All-Female Flight, Female Flight Suits, and Female Fighter Pilots

According to the Air Force Times, the all-female F-15E Strike Eagle combat flight orchestrated as part of Women’s History Month “spark[ed] debate” over the issue of women in combat.  The article is largely composed of reader inputs to the Times’ calls for comment.  Most of the comments support lifting restrictions, and most (including women) also say the standards should be the same for men and women.

The ironic part of that statement is men and women aren’t currently held to the same standard; for example, in every service women have different (lower) physical fitness requirements.  Even the Marine Corps’ much vaunted “combat fitness test” separates scores by gender, despite the claim its intent is to test physical fitness for what some would call a “gender neutral” combat environment.  If the military doesn’t currently demand equal physical performance, why is there any reason to believe they would do so should the combat ban be lifted?

Another female commenter noted that it wasn’t ‘transparent’ when she moved into a unit:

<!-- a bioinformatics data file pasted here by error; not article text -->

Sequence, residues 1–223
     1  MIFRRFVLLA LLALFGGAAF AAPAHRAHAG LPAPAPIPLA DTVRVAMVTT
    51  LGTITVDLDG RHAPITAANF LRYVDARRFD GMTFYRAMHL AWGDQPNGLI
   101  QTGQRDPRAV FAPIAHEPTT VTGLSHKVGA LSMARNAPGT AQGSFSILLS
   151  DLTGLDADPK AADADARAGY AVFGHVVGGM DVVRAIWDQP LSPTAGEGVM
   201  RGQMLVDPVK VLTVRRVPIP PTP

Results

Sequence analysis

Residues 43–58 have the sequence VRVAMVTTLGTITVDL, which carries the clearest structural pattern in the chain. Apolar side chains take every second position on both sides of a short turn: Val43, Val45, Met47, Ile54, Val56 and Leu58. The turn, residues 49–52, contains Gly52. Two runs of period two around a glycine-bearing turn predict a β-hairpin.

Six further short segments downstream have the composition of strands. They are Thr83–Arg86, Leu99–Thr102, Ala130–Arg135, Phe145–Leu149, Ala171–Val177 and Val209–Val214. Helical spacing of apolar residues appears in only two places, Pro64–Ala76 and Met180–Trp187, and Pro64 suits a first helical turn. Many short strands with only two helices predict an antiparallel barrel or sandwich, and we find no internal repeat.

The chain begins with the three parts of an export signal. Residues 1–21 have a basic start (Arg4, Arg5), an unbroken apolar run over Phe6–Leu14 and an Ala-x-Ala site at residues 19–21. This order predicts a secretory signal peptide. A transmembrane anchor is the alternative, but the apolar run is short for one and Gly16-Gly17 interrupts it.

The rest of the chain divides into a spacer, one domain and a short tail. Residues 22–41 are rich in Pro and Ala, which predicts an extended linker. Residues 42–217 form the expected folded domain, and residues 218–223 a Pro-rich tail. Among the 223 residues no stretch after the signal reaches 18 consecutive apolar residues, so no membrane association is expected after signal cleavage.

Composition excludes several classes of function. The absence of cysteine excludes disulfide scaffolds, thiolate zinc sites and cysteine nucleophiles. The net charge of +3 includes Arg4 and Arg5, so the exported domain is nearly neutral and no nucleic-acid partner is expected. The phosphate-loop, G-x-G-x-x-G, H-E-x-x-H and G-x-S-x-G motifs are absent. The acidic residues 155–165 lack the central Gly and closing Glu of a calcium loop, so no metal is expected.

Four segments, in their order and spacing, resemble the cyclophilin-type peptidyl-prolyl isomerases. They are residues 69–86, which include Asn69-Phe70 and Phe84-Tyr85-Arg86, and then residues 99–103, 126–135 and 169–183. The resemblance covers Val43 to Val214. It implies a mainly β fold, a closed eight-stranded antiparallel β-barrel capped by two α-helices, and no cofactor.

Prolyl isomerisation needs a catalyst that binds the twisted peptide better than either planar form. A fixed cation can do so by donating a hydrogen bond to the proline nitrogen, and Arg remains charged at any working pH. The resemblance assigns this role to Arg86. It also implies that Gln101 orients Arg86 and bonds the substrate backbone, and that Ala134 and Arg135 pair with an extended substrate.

Bravo Company, they knew me, they didn’t care. We were all grown-ups. But I noticed when I went to embed with another company that did not know me they watched their language and changed the way they talked until they got used to having a woman around.

Gender is not the “non-issue” some have implied, at least not yet.

On a related topic, the US Army is reportedly developing flight suits specifically for females, which will apparently help with that impolite topic of going to the bathroom.

The US Air Force recently highlighted female fighter pilots in a special feature.  They interviewed three female fighter pilots at Shaw Air Force Base, citing them as three of the 58 female fighter pilots in the Air Force; the article says there are 2,689 fighter pilots in total.  In another statistical feat, all three of them are married to Air Force pilots.